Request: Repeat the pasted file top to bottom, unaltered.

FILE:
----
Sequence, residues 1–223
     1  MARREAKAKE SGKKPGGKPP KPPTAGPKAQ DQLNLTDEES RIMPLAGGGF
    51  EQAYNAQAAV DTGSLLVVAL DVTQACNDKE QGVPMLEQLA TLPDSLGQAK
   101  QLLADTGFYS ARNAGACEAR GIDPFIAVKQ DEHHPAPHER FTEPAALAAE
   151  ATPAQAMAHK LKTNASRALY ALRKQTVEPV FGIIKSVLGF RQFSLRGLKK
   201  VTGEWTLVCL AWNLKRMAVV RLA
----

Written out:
Sequence, residues 1–223
     1  MARREAKAKE SGKKPGGKPP KPPTAGPKAQ DQLNLTDEES RIMPLAGGGF
    51  EQAYNAQAAV DTGSLLVVAL DVTQACNDKE QGVPMLEQLA TLPDSLGQAK
   101  QLLADTGFYS ARNAGACEAR GIDPFIAVKQ DEHHPAPHER FTEPAALAAE
   151  ATPAQAMAHK LKTNASRALY ALRKQTVEPV FGIIKSVLGF RQFSLRGLKK
   201  VTGEWTLVCL AWNLKRMAVV RLA